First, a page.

People typically leave their jobs for three reasons: they were offered a better one, they don’t see a growth path, or they don’t like their bosses. As a recruiter, I see all of these scenarios play out, but boss troubles are the most common by far—and they don't always stem from employees' direct supervisors. Sometimes it's your boss's bad boss who sets the tone for everybody, a problem that can be harder to detect as an outsider.
Fortunately, there are a few ways to find signs of faulty leadership even within the formal ritual of a job interview. And it all comes down to being prepared for the wrap-up portion where it's your turn to ask the questions. Here are a few you may want to keep up your sleeve, whether you're meeting with other team members (people you'll work with), higher-level execs (your prospective boss's boss), or the hiring manager for the role (your own soon-to-be boss).
Warning sign to listen for: Organizational changes are made without managerial input.
I know a CEO who decided that engineering recruiting wasn’t happening quickly enough, so he moved all the recruiters into his office and had the whole team report to him. The entire team quit, as did the managers who only found out about the change after it had been announced. By asking this question, you can get some insight into the chain of command and how well it's abided by—including the part of it that reaches above your own prospective boss's head.
Warning sign to listen for: Executives micromanage direct or indirect reports.
Micromanagement is utterly miserable and demotivating for employees at any level. Too many mangers leer over employees’ shoulders, forcing them to spend more time defending and reporting on their actions than actually doing their jobs. Sometimes even mid-level managers can't do much to curb overzealous execs (their bosses), causing an unwelcome trickle-down effect. Asking to hear how a hiring manager would describe the company's executive management style can help you spot this red flag.
Warning sign to listen for: Other managers get ignored by top brass.
The opposite of micromanagement is total avoidance. I knew one large company SVP who spent literally five minutes with the CEO during her first six months on the job. The CEO considered her role to be so unimportant that he denied her many meeting requests—until the meeting involved firing her. Sometimes the best way to see signs of this problem is to ask about the typical cadence of meetings between team leaders and their higher-ups—even if you won't personally be sitting at the table. What are these meetings like? And how often do they get cancelled?
Warning sign to listen for: There's nepotism and personal patronage afoot.
Public and venture-backed businesses aren't supposed to be family businesses. No one can compete with the CEO’s "brilliant" uncle, second wife, or childhood best friend. When underqualified friends and family are on the company payroll—run, don’t walk. You may find that the CTO lacks an engineering degree, for instance, or that the well-paid executive coach lacks real coaching experience outside the company.
It’s tough to be the outsider struggling to break into an inner circle sealed by blood or personal loyalty. So don't hesitate to ask your interviewer how they first found out about the company and in what capacity they’ve known the CEO. You can also ask about vendors, especially coaches. Do some research to make sure any friends and family are qualified.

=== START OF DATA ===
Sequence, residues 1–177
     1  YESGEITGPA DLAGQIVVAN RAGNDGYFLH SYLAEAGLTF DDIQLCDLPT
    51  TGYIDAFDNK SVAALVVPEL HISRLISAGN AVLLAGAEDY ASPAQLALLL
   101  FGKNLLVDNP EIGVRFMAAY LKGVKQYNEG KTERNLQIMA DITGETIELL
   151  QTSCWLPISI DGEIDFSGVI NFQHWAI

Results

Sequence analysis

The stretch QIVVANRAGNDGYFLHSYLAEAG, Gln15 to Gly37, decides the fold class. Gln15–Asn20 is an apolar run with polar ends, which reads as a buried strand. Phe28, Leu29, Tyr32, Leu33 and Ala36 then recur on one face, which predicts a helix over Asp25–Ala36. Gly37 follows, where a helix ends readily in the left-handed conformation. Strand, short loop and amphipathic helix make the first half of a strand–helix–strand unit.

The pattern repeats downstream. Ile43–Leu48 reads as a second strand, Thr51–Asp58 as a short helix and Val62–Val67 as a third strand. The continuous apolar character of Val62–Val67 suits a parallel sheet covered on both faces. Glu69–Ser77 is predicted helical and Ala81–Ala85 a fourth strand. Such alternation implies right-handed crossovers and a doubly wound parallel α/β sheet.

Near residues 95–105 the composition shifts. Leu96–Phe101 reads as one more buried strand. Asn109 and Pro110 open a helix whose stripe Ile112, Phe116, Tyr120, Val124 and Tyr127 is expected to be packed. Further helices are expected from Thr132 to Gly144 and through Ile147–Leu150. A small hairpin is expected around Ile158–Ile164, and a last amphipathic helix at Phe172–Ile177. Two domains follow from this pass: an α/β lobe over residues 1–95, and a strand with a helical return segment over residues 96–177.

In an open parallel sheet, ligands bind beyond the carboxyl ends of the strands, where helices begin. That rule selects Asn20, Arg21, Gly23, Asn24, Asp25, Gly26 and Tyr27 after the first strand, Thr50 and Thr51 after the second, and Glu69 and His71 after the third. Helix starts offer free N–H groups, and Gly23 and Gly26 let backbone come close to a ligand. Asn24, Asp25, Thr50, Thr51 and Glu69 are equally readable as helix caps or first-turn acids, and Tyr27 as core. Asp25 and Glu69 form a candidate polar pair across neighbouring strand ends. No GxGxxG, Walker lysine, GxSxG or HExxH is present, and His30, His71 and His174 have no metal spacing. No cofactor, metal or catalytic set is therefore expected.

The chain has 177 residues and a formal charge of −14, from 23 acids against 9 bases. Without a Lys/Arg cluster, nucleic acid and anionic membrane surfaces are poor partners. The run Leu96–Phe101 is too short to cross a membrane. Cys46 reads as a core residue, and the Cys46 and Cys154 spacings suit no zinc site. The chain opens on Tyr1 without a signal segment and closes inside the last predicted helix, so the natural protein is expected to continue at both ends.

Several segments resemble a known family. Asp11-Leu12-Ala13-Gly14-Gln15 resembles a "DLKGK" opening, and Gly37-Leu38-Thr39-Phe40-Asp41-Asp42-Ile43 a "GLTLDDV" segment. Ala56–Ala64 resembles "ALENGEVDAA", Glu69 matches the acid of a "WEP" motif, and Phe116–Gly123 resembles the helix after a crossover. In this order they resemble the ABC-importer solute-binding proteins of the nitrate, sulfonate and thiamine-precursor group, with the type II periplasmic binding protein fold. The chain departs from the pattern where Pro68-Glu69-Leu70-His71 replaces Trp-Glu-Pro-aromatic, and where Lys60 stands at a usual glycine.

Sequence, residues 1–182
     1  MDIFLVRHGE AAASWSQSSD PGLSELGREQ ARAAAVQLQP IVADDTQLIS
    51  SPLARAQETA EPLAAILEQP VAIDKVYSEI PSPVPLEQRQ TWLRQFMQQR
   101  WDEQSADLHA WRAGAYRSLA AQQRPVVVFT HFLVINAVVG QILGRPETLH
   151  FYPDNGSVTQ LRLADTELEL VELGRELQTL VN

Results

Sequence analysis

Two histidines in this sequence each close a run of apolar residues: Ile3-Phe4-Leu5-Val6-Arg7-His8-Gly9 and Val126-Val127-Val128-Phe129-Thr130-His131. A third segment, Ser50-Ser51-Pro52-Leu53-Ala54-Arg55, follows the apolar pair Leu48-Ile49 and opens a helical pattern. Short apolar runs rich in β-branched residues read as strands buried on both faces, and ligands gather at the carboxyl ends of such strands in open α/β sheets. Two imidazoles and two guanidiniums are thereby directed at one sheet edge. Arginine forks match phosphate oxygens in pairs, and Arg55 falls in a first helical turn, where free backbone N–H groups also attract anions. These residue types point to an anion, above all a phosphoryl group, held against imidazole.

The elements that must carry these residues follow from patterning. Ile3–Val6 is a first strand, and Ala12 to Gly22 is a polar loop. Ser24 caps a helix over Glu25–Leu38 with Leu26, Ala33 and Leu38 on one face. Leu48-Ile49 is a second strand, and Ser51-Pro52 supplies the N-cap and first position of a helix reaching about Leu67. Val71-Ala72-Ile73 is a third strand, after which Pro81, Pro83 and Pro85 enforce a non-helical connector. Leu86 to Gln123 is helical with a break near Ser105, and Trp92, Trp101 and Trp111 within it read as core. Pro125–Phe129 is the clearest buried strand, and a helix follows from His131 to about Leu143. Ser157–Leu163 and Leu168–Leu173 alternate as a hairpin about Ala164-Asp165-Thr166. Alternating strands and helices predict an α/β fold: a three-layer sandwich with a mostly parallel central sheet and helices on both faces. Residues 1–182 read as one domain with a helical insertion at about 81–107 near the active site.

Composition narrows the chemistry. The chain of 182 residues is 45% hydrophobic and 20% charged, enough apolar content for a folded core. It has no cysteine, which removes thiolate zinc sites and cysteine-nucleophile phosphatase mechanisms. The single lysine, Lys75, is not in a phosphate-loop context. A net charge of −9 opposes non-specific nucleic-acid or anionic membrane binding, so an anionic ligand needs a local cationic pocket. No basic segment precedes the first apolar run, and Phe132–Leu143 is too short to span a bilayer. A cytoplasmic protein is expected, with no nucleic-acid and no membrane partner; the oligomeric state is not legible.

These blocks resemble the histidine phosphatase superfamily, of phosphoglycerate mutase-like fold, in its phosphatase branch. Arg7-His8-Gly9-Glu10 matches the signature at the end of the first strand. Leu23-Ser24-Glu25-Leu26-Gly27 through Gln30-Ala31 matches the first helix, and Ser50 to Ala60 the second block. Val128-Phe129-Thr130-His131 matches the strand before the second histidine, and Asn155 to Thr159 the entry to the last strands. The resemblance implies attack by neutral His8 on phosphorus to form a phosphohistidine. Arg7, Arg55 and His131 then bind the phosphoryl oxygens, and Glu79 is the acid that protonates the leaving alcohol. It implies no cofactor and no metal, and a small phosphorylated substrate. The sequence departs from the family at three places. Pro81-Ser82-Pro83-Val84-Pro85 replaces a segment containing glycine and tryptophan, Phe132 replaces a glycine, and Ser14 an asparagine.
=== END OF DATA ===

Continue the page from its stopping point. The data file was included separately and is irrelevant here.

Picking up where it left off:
Warning sign to listen for: The manager wants a buddy, not a partner.
Beyond a kickass engineer, marketer, product manager, program manager, business analyst, or recruiter, what else does the hiring manager want? A drinking companion? A confidante? A yes-man or -woman? A bad cop? Adult supervision?
Ask the hiring manager to summarize the desired candidate’s qualities one more time before wrapping up. Then ask any other team members you interview with the same question, as well as when and where they interact with the manager outside of work.
This isn't prying—it's a way to suss out an organization's culture. For example, maybe the only way into the manager’s inner circle is to play on his soccer team. And hey, maybe you love soccer. But maybe you need to leave by 5 p.m. and have no time for soccer—which has nothing to do with how well you'll perform in your job anyway.
Warning sign to listen for: Management won’t admit when they've made a mistake or don’t know what they’re doing.
This question is best to save for any team members you speak with, but it can help you better understand a hiring manager's relationship to their own boss, too. No one is perfect, and first-time managers have especially steep learning curves. All the more so when the managers are young and have little professional experience in the first place. They’re going to make mistakes—and this is fine. What’s not fine at any age or experience level is a refusal to acknowledge those skill gaps and an unwillingness to learn.
Warning sign to listen for: Management doesn't respect employees' personal lives.
If you’re not looking to work 80-hour weeks, don’t take the job where you have to travel internationally every other week or regularly call in for 3 a.m. conference calls. Researching work-life balance is common sense. Being able to find out about it without looking like a lightweight is the challenge.
So ask employees to describe the work culture both on a day-to-day basis and during intense projects. After the interview, head over to LinkedIn, Glassdoor, or a similar platform and find at least one previous employee and ask the same questions. Previous employees will obviously be the most honest.
Life’s too short to be unhappy at work. Decide wisely—and to do that, ask the right questions.
Valerie Frederickson is founder and CEO of HR executive search firm Frederickson Pribula Li. Clients include Facebook, Pinterest, Twitter, Uber, Tesla, SoFi, Microsoft, HP, Genentech, and other technology leaders.